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Why everyone in Melbourne needs to wear a mask: Acting Chief Medical Officer’s COVID’19 safe plea

Why everyone in Melbourne needs to wear a mask: Acting Chief Medical Officer urges locals to protect themselves as cases of coronavirus explode

  • Australians in COVID-19 transmission areas urged to ‘stay home’, wear a mask
  • Victoria records biggest spike in state since the pandemic began, totaling 288
  • 26 new COVID-19 cases connected to known outbreaks, rest under investigation 

Australians in Victoria’s COVID-19 hotspots are urged to stay home or wear a mask as the state battles a second wave. 

Acting Chief Medical Officer Paul Kelly’s simple advice to stay safe during the pandemic was adopted by the National Cabinet after meeting on Friday.

Mr Kelly’s advice included adhering to Victoria’s lockdown rules, only leaving an area in lockdown for four reasons: food shopping, exercise, work or study, and providing care giving or medical reasons. 

‘You should be at home. You should be isolating and getting tested,’ Mr Kelly said.  

Acting Chief Medical Officer Paul Kelly’s advice to stay safe during COVID-19 was adopted by the National Cabinet. It includes staying home, wearing a mask and being socially distanced

‘With respect to masks, really, up until the last couple of weeks it was ambivalent evidence – there weren’t really strong recommendations coming out in Australia in relation to them.

‘A number of other studies’ data show masks make a significant difference … they can reduce transmission by up to two-thirds. 

‘That’s a really important addition measure and we are trying to do absolutely everything in Victoria to drive transmission down.’

Mr Kelly’s comments come as Victoria recorded 288 new COVID-19 cases on Friday – the biggest spike in the state since the pandemic began.  

Twenty-six of those cases are connected to known outbreaks, with the source of the rest under investigation.

Mr Kelly said getting onto public transport, visiting a GP and food shopping were the most important times to wear a mask. 

‘The numbers that we are seeing at the moment are of concern, but we do expect them to plateau in the next week,’ he said.

‘But it requires everyone to follow the stay-at-home directions. 

‘There are four reasons to leave home, they are really the only reasons to leave home. 

Mr Kelly urged Australians, particularly those living in Melbourne, to wear masks. Pictured: Healthcare workers helps a woman put hers on after being in a public housing tower lockdown

Mr Kelly urged Australians, particularly those living in Melbourne, to wear masks. Pictured: Healthcare workers helps a woman put hers on after being in a public housing tower lockdown

An essential worker sanitising surfaces to keep Australians in Melbourne safe during the COVID-19 pandemic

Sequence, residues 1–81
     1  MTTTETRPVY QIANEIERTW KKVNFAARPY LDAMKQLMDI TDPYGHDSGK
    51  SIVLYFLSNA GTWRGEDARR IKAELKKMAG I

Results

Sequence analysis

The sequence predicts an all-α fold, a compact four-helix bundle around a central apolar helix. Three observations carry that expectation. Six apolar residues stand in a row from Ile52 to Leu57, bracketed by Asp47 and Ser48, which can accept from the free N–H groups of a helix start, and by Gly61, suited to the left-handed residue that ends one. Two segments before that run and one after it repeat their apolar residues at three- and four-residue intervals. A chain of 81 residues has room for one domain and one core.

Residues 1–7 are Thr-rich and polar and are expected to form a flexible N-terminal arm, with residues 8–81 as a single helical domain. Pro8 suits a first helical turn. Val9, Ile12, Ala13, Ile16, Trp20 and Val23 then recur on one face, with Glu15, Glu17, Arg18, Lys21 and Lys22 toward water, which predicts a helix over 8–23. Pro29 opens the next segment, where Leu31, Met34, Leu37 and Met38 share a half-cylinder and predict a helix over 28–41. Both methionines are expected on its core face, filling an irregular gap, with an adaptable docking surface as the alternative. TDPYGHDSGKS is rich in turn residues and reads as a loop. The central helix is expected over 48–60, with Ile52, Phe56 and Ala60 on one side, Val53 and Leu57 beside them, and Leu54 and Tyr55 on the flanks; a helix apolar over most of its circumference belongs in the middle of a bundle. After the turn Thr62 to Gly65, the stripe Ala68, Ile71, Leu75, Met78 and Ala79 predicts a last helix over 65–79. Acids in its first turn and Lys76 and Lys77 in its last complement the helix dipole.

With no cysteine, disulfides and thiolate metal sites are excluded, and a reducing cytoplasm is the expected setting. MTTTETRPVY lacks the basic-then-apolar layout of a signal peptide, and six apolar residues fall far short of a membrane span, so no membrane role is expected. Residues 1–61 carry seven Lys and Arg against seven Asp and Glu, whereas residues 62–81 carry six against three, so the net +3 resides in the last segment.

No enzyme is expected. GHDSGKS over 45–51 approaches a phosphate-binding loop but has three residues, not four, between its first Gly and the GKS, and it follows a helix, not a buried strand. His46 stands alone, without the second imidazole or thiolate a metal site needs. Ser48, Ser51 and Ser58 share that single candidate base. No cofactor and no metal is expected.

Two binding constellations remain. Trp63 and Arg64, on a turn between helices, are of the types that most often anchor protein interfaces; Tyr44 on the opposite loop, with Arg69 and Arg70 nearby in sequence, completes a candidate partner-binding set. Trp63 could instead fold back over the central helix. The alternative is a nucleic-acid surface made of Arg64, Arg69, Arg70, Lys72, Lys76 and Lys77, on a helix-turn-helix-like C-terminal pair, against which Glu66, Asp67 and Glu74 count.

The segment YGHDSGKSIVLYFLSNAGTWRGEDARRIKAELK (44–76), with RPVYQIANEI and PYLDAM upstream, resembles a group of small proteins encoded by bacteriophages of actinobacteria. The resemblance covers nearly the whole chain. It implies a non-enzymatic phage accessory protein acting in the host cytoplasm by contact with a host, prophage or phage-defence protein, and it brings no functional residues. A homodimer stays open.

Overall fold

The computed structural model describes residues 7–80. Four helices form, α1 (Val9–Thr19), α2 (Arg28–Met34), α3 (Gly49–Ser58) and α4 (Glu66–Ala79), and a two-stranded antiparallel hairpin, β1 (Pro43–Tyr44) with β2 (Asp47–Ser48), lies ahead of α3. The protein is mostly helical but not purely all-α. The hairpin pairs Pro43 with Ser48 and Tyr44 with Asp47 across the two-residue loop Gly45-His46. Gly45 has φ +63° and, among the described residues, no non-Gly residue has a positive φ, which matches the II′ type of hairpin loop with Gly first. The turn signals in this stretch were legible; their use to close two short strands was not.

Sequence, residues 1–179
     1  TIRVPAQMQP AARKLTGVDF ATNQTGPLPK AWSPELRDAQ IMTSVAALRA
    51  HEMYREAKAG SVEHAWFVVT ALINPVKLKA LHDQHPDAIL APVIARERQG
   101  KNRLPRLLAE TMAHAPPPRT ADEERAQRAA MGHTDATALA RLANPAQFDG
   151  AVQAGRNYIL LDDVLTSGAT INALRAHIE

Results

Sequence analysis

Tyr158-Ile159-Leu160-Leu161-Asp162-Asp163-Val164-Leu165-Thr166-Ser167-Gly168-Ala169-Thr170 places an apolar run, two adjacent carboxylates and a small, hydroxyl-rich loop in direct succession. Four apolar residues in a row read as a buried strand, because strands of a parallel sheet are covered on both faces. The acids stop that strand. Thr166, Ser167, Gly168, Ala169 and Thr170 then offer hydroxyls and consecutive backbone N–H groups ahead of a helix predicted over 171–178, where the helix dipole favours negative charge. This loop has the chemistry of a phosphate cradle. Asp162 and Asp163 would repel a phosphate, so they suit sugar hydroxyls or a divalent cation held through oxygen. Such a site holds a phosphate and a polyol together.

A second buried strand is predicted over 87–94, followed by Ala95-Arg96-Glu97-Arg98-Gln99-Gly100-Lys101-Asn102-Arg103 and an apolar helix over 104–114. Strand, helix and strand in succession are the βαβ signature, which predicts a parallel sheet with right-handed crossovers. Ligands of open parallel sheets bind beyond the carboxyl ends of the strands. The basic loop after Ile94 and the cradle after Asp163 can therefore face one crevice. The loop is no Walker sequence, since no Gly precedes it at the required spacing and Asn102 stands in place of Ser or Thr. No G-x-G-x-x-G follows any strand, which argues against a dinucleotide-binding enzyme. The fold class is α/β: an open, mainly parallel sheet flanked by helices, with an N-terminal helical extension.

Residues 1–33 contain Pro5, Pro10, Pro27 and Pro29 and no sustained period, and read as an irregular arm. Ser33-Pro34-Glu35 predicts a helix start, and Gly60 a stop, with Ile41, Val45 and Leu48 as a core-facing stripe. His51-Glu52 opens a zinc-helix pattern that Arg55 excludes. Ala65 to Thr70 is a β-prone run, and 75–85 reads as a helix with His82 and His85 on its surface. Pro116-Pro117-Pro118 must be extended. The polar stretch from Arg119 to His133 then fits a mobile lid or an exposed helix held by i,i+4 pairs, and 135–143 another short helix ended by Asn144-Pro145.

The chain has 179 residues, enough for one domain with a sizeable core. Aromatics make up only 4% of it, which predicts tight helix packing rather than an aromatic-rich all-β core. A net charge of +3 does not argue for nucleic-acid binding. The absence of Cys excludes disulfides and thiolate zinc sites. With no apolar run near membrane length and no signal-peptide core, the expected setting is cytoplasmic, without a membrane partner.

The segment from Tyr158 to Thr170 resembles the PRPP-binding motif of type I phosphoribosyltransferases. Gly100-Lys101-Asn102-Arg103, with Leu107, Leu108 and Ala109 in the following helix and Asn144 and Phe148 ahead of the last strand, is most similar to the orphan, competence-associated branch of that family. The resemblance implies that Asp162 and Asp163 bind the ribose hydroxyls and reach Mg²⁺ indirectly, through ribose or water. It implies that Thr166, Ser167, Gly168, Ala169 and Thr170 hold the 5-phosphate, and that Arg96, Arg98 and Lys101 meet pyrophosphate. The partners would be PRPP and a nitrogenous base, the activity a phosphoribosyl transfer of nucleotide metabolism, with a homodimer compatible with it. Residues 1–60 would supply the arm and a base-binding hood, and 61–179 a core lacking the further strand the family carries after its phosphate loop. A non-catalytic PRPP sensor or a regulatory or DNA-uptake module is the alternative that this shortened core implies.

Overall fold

An essential worker sanitising surfaces to keep Australians in Melbourne safe during the COVID-19 pandemic

Response personnel disposing of rubbish outside a public housing tower locked down due to the coronavirus in Melbourne

Response personnel disposing of rubbish outside a public housing tower locked down due to the coronavirus in Melbourne

 ‘Don’t look for excuses, don’t look for ways around. 

‘That is what will get us through this.’  

Mr Kelly’s advice comes days after Victoria locks down metropolitan Melbourne and Mitchell Shires due to the ongoing spike in new COVID-19 cases.

In the same press conference, Premier Daniel Andrews said the daily figures would continue to get worse over the next few days, warning Melbourne’s six-week lockdown could be extended if residents do not follow the rules.

‘The best response to these numbers and the worse numbers that are likely to follow them is for all Victorians to play their part,’ he said. 

Premier Daniel Andrews (pictured, back) said the daily figures would continue to get worse over the next few days, warning Melbourne's six-week lockdown could be extended

Premier Daniel Andrews (pictured, back) said the daily figures would continue to get worse over the next few days, warning Melbourne’s six-week lockdown could be extended

Mr Kelly said getting onto public transport, visiting a GP and food shopping were the most important times to wear a mask

Mr Kelly said getting onto public transport, visiting a GP and food shopping were the most important times to wear a mask

Mr Andrews said the case numbers were so high because 37,000 tests were conducted.

‘It was always going to get worse before it got better. We are doing more testing than has ever been done, not by a small margin, but by a massive margin,’ he said.

Chief Health Officer Brett Sutton said the 288 figure was ‘ugly’ and that he expected the numbers to plateau ‘in the next week’.

‘We will see in the effects of the lockdown in the next one to two weeks,’ he said.

Read more at DailyMail.co.uk


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